Numbers and Facts about How Food is Impacting your Lifespan

Main takeaway: statistically speaking, healthy food can get you more than 12 years of additional lifespan (and probably much more in terms of healthspan).

Today I’d like to talk about food, but not in the way you read about it all day in glossy magazines or TV shows. We know we need to eat healthy. We roughly know what this means. But then, all this is usually presented in a very impractical and clumsy format: a very explicit (and hard to follow) rule of how and what to eat, and then, a very blurry, long term, shady benefit, to “improve one’s life when you’ll be older”. In other words, do a sacrifice NOW, and for a hopeful long term, weakly defined, benefit.

I knew how hard it was to restrain myself from unhealthy (but so tasteful) food, so in order to motivate myself to follow these recommendations, I also needed to evaluate and quantify the future benefit of this effort. By chance, a friend told me about an interesting app to ponder the “effort to benefit” ratio (thank you JB 🙂 ). Under a unsexy and very basic design, this small app is exactly what I needed: you type in some data about yourself and what food you eat right now, and it computes how many additional years of life you get if you start eating healthy food, statistically speaking.

Before I let you know the app, so that you can play with it yourself, a couple of takeaways to remember:

– the difference between eating “average food” and “optimized for longevity food”, is a whooping 12.2 years of lifespan (statistically speaking). If we speak about healthspan (that is years of healthy life, without major diseases), the difference may be even bigger (more about this in future my future posts). Eat junk or “average food” and live 77.8 years (probably in a pitiful shape in the last 10 – 15 years of your life). Eat healthy food and live 90 years old (probably with what is called a compressed morbidity in the last couple of years of your life – which means you’ll be ill a short amount of time before you pass away). Now THAT is a quantified equation I can use to motivate myself to eat healthy in the present.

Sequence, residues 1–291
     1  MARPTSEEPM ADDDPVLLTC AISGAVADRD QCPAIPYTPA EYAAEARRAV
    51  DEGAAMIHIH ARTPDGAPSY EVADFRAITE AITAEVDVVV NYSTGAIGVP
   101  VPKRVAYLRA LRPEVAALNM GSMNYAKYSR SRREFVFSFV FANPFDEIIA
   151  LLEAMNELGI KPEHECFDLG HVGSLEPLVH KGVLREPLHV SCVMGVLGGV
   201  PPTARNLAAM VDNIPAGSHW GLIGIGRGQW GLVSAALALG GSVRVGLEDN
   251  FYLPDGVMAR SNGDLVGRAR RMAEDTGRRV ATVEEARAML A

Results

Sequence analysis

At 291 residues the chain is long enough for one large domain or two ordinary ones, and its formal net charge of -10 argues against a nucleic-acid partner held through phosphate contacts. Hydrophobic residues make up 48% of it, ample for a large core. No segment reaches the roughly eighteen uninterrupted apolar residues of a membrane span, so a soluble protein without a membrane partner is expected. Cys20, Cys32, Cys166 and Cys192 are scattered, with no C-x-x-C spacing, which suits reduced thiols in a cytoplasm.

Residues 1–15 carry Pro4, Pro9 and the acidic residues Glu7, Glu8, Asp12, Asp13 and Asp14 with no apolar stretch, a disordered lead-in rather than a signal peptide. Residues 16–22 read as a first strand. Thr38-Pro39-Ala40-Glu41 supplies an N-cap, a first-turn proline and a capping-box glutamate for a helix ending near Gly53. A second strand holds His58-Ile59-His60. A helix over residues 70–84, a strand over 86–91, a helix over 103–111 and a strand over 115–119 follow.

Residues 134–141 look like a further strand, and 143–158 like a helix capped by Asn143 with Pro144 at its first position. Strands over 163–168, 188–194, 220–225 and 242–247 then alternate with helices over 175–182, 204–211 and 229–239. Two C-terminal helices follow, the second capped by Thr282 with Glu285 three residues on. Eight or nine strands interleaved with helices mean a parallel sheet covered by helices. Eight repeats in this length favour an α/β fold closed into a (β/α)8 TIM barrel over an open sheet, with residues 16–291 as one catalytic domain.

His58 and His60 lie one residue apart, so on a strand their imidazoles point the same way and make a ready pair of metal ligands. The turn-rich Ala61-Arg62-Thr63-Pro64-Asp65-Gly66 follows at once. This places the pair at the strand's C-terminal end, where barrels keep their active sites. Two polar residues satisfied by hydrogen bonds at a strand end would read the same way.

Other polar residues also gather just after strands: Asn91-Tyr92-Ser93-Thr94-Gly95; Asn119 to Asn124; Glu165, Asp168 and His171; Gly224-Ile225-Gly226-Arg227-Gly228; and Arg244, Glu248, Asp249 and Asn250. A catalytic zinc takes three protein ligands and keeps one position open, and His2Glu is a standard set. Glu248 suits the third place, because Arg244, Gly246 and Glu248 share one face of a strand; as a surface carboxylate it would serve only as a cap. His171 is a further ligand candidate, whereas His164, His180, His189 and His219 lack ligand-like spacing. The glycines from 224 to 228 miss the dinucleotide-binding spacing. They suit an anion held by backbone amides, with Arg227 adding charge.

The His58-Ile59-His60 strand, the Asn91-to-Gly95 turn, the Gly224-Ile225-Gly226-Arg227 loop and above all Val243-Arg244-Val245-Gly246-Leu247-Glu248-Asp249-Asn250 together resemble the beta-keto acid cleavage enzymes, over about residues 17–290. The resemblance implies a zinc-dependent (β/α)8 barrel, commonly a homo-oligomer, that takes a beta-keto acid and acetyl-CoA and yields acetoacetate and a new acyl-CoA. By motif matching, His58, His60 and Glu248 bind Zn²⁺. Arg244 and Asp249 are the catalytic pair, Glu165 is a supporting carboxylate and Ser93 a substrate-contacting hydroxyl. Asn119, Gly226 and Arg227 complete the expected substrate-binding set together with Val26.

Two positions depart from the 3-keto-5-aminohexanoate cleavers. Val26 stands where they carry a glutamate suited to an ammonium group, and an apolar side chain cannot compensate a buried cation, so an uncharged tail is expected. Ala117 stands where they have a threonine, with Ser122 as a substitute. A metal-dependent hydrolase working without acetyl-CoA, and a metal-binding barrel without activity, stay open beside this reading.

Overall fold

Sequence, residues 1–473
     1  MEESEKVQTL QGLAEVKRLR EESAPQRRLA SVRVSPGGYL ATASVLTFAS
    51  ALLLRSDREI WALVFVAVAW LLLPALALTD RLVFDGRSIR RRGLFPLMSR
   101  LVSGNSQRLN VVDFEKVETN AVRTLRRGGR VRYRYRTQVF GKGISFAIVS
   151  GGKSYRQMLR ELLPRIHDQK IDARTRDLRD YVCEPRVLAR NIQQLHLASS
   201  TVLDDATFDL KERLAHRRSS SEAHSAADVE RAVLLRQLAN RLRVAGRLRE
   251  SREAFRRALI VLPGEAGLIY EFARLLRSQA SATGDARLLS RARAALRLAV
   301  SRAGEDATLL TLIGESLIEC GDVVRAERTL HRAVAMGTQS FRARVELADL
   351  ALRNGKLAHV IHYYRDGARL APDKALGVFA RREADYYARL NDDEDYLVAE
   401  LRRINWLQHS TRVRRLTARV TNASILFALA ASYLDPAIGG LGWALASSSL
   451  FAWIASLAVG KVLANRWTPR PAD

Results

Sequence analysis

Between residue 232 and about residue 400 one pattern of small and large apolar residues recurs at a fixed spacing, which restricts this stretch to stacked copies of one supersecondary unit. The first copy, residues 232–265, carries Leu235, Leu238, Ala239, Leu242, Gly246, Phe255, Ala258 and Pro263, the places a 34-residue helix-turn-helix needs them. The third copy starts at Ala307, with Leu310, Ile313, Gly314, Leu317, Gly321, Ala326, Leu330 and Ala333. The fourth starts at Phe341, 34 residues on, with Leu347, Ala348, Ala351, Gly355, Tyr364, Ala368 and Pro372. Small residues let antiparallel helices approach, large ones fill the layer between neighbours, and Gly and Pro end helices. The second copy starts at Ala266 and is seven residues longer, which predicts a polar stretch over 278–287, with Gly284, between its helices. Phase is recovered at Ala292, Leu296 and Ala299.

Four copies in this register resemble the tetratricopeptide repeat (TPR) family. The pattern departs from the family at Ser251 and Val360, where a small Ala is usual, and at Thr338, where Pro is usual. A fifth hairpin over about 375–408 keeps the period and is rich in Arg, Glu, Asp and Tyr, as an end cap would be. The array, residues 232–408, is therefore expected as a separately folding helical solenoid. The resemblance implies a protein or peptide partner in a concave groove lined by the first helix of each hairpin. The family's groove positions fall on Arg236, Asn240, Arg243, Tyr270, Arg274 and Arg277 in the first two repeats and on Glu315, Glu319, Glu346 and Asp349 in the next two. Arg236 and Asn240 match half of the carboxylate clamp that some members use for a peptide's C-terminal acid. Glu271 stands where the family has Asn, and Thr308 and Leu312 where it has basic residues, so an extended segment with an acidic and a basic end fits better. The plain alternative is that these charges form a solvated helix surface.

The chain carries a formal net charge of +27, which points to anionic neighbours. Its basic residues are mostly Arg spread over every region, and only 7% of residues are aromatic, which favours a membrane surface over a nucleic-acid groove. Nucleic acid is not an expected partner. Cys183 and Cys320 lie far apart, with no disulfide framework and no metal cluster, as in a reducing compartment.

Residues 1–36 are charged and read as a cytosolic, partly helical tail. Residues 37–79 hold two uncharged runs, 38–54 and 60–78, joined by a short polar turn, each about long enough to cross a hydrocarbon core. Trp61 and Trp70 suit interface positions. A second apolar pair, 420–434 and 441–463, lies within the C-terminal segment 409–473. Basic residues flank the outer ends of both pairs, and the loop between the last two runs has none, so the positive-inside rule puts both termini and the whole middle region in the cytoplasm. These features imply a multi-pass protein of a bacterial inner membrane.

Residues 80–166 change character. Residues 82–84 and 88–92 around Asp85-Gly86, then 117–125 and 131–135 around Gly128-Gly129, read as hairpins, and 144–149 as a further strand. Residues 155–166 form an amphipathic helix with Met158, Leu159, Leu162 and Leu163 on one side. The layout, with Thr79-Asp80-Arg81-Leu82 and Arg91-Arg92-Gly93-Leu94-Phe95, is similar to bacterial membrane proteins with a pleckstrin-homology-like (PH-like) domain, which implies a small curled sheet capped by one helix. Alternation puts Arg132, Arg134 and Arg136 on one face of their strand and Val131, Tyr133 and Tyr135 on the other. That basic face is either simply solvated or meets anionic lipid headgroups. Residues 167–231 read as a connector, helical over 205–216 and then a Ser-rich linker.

– the food to eat as much as possible is, with no big surprise: vegetables and fruits

– the food to eat in a moderate quantity is: whole grains, fish and milk

– the food to avoid at all costs (bring it to 0 is possible) are processed meat, red meat and sugar

– one very interesting way to see it (and think of it, when you ponder whether to eat or not a specific product), is to see how many years you’re gaining (or losing) when playing with one or 2 parameters at once: for example, if you don’t eat your vegetables you lose 2 years of lifespan, if you don’t eat vegetables and fruits altogether, and lose 3.8 years of lifespan. And then, taking the right decisions on each category of foods, one by one, adds up considerable years to your lifespan.

The app I’ve used to help me understand how impactful healthy food is for longevity is I hope you’ll like it and by playing with it, it will help you decide what makes sense for you in terms of healthy vs tasteful food, between the short term pleasure (eat a tasteful meal), and the long term benefit (live longer healthier).

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